There are few feelings better than arriving at the crag and looking up at all that gorgeous rock. In that moment, you know you are about to have a glorious, gritty few hours testing all the holds, grips, and techniques you’ve been practicing at the rock climbing gym. In that moment, you know that no matter whether or not you top your project, showing up to the crag is an affirmation of so many good things— your passion for climbing, the sounds and smells and scenery of the great outdoors. No matter how the rest of your day goes, you know that at least you spent it at the crag, a place that feels full of infinite possibilities.
What doesn’t feel good, however, is showing up at the crag and realizing you didn’t plan your outdoor apparel well at all. It’s almost as bad as forgetting a crucial piece of gear from your daisy chain or finding out your rope is flat once you’re already at the crag. A pair of pants that are too tight and unforgiving, a sweatshirt that you’re stuck in until you can either get off the project or can perform acts of aerial acrobatics removing it, shorts that are a little too short to play nice with your harness. The wrong outfit isn’t just a matter of feeling comfortable and able to perform at your best. It can be a matter of safety, too.
These pieces by Free Fly Clothing are perfect for layering, stretch, and sustainability. Like any other outdoor pursuit, you’ll need clothes that will keep you the right temperature, nice and dry, and able to move easily when you head to the crag. After all, climbers don’t just spend their day scrambling up rocks. There’s usually at least a little hike to the crag from the parking lot, usually weighed down with all kinds of ropes and aids and crash pads, as well as snacks, water, tunes, and maybe a dog or two.
That means you’ll want to dress generally like you would for a day hike, but with the extra demands of rock climbing in mind. You want pants that are loose enough that you can breathe and feel comfortable (especially once you get your harness on) but not so baggy that they could get caught on things. A comfortable pair of climbing pants will also let you slip on some leggings or base layer underneath if you’re tackling a climbing project in chilly or wintery weather.
Free Fly Clothing touches all the bases you want in a pair of outdoor climbing pants to get the most out of the crag. Both the Free Fly Women’s Breeze Pants and the Men's Bamboo-Lined Hybrid Pant are roomy without too much volume and feature a soft, moisture-wicking bamboo lining with plenty of stretch. Even better, the outer shell is also blended with spandex, meaning the whole pant will move with you, even if you’re really flexing yourself into the tightest of cracks or twisting into a pretzel on tough hangs.
Pants aren’t the only bottoms that work well for rock climbing. Many women like to wear leggings, yoga pants, or other athleisure apparel when they climb specifically because of the combination of stretch, coverage, and comfort. Fly Free’s Bamboo crop leggings are extra-breathable and are just the right length without overlapping with your rock climbing shoes.
Men don’t need to feel left out, however. If it’s too warm for long pants or you just don’t like how they feel, rock climbing shorts are perfect for a hot day at the crag. Fly Free’s Bamboo-Lined Hybrid Shorts have all the same benefits at their similar pant style, but are just long enough to play nice with your harness, and don’t have too much bulk in the pockets either.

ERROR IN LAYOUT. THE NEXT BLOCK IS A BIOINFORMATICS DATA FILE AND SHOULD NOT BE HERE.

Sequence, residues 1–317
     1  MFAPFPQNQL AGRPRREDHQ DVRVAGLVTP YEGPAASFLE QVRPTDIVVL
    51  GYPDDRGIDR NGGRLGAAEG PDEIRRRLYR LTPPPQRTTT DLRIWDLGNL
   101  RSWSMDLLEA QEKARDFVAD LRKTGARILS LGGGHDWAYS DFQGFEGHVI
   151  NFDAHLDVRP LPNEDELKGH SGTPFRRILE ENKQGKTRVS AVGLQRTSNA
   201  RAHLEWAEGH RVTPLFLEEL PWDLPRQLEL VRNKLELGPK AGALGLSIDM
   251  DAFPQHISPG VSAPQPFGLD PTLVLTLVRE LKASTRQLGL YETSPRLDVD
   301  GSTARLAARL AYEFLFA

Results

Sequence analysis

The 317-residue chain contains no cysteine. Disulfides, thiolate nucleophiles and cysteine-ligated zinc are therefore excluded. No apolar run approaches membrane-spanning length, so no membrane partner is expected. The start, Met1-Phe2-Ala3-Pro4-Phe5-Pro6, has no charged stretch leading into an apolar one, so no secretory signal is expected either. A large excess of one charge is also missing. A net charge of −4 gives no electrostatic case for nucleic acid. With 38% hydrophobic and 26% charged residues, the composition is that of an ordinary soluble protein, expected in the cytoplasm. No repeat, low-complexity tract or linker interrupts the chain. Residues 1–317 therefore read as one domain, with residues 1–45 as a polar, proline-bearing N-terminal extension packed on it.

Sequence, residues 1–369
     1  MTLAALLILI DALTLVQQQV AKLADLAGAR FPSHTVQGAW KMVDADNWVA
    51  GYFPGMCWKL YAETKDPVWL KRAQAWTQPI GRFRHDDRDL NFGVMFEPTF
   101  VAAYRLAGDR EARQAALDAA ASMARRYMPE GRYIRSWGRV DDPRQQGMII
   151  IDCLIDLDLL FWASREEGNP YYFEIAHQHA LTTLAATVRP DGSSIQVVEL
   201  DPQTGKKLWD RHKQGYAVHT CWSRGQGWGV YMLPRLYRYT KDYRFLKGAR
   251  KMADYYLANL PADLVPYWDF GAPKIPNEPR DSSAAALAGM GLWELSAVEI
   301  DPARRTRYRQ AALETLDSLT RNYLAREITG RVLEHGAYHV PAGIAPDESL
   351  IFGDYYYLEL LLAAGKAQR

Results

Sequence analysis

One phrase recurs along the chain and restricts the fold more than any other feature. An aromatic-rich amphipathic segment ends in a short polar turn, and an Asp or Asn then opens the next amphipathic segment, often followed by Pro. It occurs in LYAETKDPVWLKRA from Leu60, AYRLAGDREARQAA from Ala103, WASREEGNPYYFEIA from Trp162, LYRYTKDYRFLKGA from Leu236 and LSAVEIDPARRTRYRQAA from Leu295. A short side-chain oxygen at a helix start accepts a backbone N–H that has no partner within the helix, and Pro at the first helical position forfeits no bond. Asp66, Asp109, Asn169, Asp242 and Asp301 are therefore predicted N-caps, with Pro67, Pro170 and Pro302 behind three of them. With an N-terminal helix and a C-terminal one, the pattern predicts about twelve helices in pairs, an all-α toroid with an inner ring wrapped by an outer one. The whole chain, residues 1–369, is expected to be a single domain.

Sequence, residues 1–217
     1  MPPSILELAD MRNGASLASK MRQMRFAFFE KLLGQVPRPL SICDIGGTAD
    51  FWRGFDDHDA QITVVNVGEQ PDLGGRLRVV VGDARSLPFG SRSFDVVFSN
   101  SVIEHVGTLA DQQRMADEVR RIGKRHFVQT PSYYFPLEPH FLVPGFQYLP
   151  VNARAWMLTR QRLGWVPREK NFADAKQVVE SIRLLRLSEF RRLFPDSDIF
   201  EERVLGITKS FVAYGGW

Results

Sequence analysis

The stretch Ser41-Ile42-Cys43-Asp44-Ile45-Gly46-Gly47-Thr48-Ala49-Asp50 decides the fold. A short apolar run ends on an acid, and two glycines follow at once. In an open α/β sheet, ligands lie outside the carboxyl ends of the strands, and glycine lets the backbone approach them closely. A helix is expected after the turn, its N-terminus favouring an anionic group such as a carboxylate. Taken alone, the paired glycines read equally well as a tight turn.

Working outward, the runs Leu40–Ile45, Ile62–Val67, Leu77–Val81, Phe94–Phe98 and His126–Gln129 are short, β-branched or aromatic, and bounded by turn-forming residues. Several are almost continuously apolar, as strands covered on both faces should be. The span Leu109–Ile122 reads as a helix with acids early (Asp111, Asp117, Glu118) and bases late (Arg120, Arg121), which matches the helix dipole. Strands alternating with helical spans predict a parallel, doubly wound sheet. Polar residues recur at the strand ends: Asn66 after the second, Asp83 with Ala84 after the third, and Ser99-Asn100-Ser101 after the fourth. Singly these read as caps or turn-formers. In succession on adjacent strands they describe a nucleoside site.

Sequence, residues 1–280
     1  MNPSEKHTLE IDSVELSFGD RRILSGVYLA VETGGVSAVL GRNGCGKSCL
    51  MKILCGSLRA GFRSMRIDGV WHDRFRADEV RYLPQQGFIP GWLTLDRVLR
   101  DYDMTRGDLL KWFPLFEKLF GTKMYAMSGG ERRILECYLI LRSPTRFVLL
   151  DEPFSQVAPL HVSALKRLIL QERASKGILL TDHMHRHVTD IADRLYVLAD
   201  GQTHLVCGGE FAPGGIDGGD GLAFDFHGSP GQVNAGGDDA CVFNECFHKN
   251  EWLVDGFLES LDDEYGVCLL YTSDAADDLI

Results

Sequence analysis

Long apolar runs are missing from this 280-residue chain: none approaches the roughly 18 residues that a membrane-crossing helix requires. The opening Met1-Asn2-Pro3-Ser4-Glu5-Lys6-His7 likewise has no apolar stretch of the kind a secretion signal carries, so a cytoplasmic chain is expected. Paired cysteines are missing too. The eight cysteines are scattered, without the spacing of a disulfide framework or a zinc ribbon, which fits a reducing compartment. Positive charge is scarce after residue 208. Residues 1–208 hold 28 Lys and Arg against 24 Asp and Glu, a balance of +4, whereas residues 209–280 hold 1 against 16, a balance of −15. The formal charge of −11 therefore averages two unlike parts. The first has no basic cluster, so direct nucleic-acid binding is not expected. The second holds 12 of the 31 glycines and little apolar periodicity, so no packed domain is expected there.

Once you’ve got your bottoms covered, it’s time to pick the perfect top. Layers are a must even in good weather. Unlike when you’re hiking or biking and can stop pretty easily to peel off an outer layer, climbers might find themselves needing to adjust their wardrobe when it’s a little inconvenient. It’s not exactly easy to whip off a sweatshirt over your head when you’re dangling from a rope and sitting in your harness.
That’s why it’s important to not only plan ahead with bottom layers like the Free Fly Women’s Bamboo Racerback Tank or Free Fly Men's Bamboo Motion Tee, but also zip-front jackets. Jackets, rather than pullovers, let you more easily adjust your temperature or slip out of a layer if you need to. The Free Fly Women’s Bamboo Fleece Full Zip is a great mid-weight option that is still super breathable and flexible, without the “cotton kills” problem of similarly lightweight options. The Free Fly Bamboo-Lined Crossover Jacket for men is similar to their pants, providing a cozy inner layer protected by a stretchy outer shell.
One of the great things about living in Asheville is proximity to the outdoors. Here it’s so easy to get out on the trail, up to the crag, and up to the top of the peaks. We founded Roanline because we wanted to make it easier to find the best outdoor apparel, so you can spend less time shopping and more time hiking, climbing and exploring. One of the reasons we love Free Fly, besides their durability and proven fits, is that have a similar ethos.
Free Fly designed their clothing lines to do exactly what you need them to do and last a long time so you can spend the maximum amount of time checking items off your bucket list and less time trying to replace clothes that don’t fit, feel good, or last. That means more days spent swapping beta and learning new trad techniques at the crag and fewer trawling the internet reading guidelines to rock climbing clothes like this one. So go ahead and make your order— the crag is calling.
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